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Minnesota company owned by a local doctor feels constitutionally oppressed by Massachusetts requirement it register here to sue a local company, so it sues

What started as a dispute between owners of adjoining parcels on Rte. 9 in Brookline over a luxury condo project one of them wants to build has turned into a federal lawsuit over whether companies based outside of the state should be forced to register with Massachusetts just to be able to file a lawsuit in state court here.

At the center of the controversy is a 13-unit complex that developer Merrill Diamond wants to build on a three-acre site overlooking the Brookline Reservoir.

After the town zoning board approved the proposal this past spring, a limited liability company that owns a couple of neighboring parcels sued in state court to block the development - but says it was not allowed to sue in state court at first because it's based in Minnesota and had not registered with the Massachusetts Secretary of State's office as a "foreign" corporation.

So BoylstonD3 LLC - which is registered to Shona Pendse, a doctor at Brigham and Women's Hospital who lives in a house on one of the parcels - paid the registration fees. And then the company sued to stop the project in state Land Court.

Yesterday, BoylstonD3 filed suit in US District Court in Boston, as well, asking for a judge to rule that it shouldn't have been forced to pay the state's fees to register the LLC here because it violates the 14th Amendment right to equal treatment of citizens of one state by another state. The suit also asks for a federal judge to basically order a state Land Court judge to ignore a motion by the developer and the town to dismiss the Land Court case.

In its complaint, the LLC says that Massachusetts does not require Massachusetts residents and companies - and "non-corporate citizens of other states" - to register or pay a fee first just to file a lawsuit. Since companies are legally "citizens," the state is violating the 14th Amendment, the LLC charges.

Pendse is no stranger to federal court in Massachusetts.

Last year, after she and her husband moved up here from the Washington, DC area, the couple unsuccessfully sued to try to get their son into Boston Latin School. The two argued that Pendse and her son were living in Boston - a requirement for admission to the school - but were unable to provide proof that Boston school officials would accept that they actually were after their deal to buy a house in West Roxbury fell through.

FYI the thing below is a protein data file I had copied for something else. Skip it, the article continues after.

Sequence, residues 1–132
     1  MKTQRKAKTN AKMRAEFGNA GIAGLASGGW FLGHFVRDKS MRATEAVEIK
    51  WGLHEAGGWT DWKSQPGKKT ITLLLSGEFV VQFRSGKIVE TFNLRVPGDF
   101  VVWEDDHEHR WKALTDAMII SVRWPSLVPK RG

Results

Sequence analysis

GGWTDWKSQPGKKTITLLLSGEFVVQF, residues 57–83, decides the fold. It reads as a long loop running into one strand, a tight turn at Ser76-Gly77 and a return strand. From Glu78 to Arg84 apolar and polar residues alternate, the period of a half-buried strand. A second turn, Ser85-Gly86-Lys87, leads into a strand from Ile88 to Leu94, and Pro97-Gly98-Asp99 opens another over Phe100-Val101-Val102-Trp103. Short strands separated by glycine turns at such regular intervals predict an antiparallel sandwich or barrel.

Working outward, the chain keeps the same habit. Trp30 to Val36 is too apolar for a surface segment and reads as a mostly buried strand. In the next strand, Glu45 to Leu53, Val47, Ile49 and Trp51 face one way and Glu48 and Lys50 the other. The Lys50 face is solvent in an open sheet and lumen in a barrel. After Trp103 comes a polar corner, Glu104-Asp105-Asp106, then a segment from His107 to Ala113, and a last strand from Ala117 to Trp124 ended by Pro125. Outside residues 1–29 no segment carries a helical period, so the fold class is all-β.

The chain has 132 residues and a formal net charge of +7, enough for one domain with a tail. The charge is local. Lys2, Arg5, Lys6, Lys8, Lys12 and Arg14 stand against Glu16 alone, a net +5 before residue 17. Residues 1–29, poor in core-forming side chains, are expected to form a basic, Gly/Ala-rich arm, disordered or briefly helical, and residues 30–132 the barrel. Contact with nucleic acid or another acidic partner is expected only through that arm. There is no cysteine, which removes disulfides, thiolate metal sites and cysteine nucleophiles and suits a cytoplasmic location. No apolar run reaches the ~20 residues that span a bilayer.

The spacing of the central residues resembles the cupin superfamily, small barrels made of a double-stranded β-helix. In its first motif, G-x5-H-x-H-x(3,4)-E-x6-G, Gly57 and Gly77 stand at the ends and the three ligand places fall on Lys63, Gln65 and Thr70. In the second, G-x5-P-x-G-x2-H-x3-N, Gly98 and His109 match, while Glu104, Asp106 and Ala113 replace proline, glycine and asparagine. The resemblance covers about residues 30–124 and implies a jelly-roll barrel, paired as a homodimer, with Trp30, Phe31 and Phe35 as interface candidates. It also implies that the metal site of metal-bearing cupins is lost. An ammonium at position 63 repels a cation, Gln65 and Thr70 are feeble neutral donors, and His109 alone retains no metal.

A federal judge rejected their argument that even if they didn't live in Boston, their son had a constitutional right - also under the 14th Amendment - to attend Boston Latin.

PDF icon Complete complaint108.83 KB


What's the benefit of registering an LLC in Minnesota versus Massachusetts?

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No clue if that was the rationale here, but Minnesota charges $135 to register ($155 if you want to do it online - source), while Massachusetts charges $500 for initial registration of an LLC (source). By having to register as a "foreign" LLC, the doctor had to pay Mass. $400.

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But assuming they are not representing themselves pro se, what are the legal fees going to be to avoid this $400 registration fee?

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...It can't represent itself pro se, nor can any of the principals or shareholders, etc., unless they are an attorney. Per the Rules of Court, corporations, trusts, organizations, etc. must be represented in Massachusetts courts by a member of the Bar.

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As the guy who owned the fire-ravaged rat trap on Mt. Ida Road in Dorchester that I was forever writing about found out, ignored, then got taught the hard way.

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Restraint of interstate tirade.

Shona Pendse and James Dickey should get a room.

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being a NIMBY, isn't it?

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I wonder how the kid feels about having parents who are total a-holes.

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If you click on the link about their West Roxbury house deal falling through, you'll get a ruling by a Suffolk Superior Court judge that lays out a whole other layer of absurdity involving the owners of that house, more specifically, the daughter, who found herself negotiating to sell the house to the doctors without bothering to tell her mother, with whom she co-owned the house.

Voting closed 18

The divil is in the details.

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